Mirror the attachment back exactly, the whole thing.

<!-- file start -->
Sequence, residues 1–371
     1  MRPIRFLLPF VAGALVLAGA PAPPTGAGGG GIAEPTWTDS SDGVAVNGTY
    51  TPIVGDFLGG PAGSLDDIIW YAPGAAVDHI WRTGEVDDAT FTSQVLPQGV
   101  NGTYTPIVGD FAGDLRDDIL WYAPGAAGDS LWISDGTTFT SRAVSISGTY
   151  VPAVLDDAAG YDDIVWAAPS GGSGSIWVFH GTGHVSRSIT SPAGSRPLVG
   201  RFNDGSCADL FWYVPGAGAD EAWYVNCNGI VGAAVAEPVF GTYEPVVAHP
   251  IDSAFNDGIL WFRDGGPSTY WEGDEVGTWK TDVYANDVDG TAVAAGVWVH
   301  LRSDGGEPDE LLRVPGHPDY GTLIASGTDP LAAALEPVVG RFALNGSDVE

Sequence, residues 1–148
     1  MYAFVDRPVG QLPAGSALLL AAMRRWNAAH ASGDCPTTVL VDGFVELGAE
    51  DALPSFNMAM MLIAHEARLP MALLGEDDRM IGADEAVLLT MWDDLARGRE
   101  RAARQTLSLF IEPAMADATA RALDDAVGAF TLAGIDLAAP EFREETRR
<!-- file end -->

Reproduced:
Sequence, residues 1–371
     1  MRPIRFLLPF VAGALVLAGA PAPPTGAGGG GIAEPTWTDS SDGVAVNGTY
    51  TPIVGDFLGG PAGSLDDIIW YAPGAAVDHI WRTGEVDDAT FTSQVLPQGV
   101  NGTYTPIVGD FAGDLRDDIL WYAPGAAGDS LWISDGTTFT SRAVSISGTY
   151  VPAVLDDAAG YDDIVWAAPS GGSGSIWVFH GTGHVSRSIT SPAGSRPLVG
   201  RFNDGSCADL FWYVPGAGAD EAWYVNCNGI VGAAVAEPVF GTYEPVVAHP
   251  IDSAFNDGIL WFRDGGPSTY WEGDEVGTWK TDVYANDVDG TAVAAGVWVH
   301  LRSDGGEPDE LLRVPGHPDY GTLIASGTDP LAAALEPVVG RFALNGSDVE

Sequence, residues 1–148
     1  MYAFVDRPVG QLPAGSALLL AAMRRWNAAH ASGDCPTTVL VDGFVELGAE
    51  DALPSFNMAM MLIAHEARLP MALLGEDDRM IGADEAVLLT MWDDLARGRE
   101  RAARQTLSLF IEPAMADATA RALDDAVGAF TLAGIDLAAP EFREETRR